Records in Haskell

AntC anthony_clayden at
Sat Mar 3 04:40:50 CET 2012

Isaac Dupree <ml <at>> writes:

> >>
> >> In the meantime, I had an idea (that could work with SORF or DORF) :
> >>
> >> data Foo = Foo { name :: String } deriving (SharedFields)
> >>
> >> The effect is: without that "deriving", the declaration behaves just
> >> like H98.
> >>
> > Thanks Isaac, hmm: that proposal would work against what DORF is trying to 
> >
> > What you're not getting is that DORF quite intentionally helps you hide the
> > field names if you don't want your client to break your abstraction.
> >
> > So under your proposal, a malicious client could guess at the fieldnames in
> > your abstraction, then create their own record with those fieldnames as
> > SharedFields, and then be able to update your precious hidden record type.
> Show me how a malicious client could do that.  Under DORF plus my 
> mini-proposal,
> module Abstraction (AbstractData) where
> data AbstractData = Something { field1 :: Int, field2 :: Int }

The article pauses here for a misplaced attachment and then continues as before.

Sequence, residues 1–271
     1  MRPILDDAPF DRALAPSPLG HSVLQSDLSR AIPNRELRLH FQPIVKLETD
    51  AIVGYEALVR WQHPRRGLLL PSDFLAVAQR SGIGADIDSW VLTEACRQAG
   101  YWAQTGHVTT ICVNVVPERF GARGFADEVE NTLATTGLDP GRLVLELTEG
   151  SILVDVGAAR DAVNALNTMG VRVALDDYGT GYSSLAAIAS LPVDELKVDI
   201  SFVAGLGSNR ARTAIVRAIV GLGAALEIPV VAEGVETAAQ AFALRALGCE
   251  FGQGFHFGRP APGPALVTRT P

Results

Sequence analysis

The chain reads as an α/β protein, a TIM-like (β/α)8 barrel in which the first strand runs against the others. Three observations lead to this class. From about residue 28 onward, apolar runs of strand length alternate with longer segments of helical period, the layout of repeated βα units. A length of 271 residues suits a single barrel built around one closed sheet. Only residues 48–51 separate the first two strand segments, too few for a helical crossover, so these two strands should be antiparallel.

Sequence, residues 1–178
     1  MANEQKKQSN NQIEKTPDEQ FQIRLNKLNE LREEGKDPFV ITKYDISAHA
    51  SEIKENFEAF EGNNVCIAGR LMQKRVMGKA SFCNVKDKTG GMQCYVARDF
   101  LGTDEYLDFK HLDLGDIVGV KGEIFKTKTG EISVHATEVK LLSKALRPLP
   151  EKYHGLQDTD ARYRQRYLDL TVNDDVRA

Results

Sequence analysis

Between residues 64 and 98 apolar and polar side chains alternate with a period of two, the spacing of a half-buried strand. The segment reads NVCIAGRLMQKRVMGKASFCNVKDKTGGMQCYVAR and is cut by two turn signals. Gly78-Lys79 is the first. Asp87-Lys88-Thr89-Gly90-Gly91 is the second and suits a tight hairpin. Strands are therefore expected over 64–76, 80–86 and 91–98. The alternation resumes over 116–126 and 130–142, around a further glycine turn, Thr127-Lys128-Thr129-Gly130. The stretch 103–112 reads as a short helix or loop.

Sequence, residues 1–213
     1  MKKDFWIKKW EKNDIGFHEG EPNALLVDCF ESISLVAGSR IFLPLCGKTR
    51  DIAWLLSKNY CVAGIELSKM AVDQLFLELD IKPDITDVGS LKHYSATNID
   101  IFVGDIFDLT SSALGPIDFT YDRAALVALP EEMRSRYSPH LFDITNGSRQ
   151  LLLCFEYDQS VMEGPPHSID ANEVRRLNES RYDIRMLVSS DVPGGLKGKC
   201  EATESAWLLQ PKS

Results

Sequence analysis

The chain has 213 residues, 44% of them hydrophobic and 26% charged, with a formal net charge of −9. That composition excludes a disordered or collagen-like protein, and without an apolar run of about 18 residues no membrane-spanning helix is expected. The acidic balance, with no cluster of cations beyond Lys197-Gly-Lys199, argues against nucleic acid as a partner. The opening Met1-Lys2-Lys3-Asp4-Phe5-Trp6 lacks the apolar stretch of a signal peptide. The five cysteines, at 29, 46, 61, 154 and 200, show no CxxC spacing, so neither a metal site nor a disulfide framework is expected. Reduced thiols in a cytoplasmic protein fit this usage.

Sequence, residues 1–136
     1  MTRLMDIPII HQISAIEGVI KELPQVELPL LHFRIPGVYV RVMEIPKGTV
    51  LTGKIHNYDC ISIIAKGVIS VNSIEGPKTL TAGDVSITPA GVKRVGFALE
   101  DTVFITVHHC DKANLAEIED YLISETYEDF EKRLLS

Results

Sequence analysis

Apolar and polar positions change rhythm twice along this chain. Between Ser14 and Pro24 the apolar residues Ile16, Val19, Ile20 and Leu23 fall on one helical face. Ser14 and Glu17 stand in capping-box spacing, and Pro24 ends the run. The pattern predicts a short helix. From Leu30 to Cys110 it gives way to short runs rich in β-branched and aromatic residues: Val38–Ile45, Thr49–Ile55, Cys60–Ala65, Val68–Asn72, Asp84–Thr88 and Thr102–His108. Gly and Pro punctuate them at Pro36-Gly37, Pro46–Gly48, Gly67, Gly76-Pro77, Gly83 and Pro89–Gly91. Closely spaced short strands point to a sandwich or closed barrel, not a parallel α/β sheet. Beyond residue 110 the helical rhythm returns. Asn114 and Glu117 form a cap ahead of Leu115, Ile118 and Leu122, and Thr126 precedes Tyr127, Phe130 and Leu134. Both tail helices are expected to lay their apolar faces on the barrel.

> ...
> --break abstraction how? let's try...
> module Client1 where
> import Abstraction
> data Breaker = Something { field1 :: Int } deriving (SharedFields)
> -- compile fails because there are no field-labels in scope

Correct that the fieldLabel is not in scope, so that compile will fail; but 
what price did you pay?

Hint: what did you import with `Abstraction`?
Answer: you did not import `field1` selector function, nor the mechanism 
behind it.

So in module Client1 you can't access the `field1` content of a record type 

OK, that's sometimes something you want: to be able to pass around records of 
a specific type without allowing the client to look inside them at all.

But I was talking about the more common requirement for encapsulation. I want 
to control access to my record type: the client can read (certain) fields, but 
not update them. Other fields I don't want the client to even know about. 
(You've achieved the last part with your Client1, for all of the fields.)

(FYI: that's how wiki pages turn out so long; specifying exactly all the ins 
and outs at that sort of subtle detail.)


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